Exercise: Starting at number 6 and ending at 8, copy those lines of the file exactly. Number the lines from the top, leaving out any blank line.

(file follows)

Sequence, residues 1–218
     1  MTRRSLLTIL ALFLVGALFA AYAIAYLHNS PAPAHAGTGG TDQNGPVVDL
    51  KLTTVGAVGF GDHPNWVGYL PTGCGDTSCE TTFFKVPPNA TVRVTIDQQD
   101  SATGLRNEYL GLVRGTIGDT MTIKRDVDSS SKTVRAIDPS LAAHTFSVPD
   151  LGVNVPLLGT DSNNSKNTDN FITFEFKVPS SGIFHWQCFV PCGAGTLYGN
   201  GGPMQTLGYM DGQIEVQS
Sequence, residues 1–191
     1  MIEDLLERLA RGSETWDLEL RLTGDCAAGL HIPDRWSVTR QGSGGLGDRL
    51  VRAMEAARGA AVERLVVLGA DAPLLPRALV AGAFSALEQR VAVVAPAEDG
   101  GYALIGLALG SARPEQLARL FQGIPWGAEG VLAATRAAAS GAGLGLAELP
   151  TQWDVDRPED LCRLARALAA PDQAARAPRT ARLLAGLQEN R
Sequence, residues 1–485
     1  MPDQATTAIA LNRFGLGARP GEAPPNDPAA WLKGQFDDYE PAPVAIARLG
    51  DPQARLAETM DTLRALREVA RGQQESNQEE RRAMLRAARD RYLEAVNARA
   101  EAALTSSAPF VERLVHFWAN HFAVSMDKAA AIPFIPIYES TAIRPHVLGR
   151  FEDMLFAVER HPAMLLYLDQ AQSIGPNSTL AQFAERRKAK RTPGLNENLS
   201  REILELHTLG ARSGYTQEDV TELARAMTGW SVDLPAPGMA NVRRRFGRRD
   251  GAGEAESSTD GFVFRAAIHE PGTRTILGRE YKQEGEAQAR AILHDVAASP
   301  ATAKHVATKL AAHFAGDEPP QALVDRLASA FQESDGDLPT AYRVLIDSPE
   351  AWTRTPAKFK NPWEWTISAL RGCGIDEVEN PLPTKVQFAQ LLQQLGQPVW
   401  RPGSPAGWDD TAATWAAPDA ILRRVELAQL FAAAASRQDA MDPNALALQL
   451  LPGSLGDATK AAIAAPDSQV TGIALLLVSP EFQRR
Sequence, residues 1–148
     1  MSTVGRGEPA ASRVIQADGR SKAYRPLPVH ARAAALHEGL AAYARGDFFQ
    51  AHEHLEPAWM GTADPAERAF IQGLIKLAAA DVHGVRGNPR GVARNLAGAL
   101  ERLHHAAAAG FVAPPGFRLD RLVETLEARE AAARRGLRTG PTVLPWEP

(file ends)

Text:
   201  GGPMQTLGYM DGQIEVQS
Sequence, residues 1–191
     1  MIEDLLERLA RGSETWDLEL RLTGDCAAGL HIPDRWSVTR QGSGGLGDRL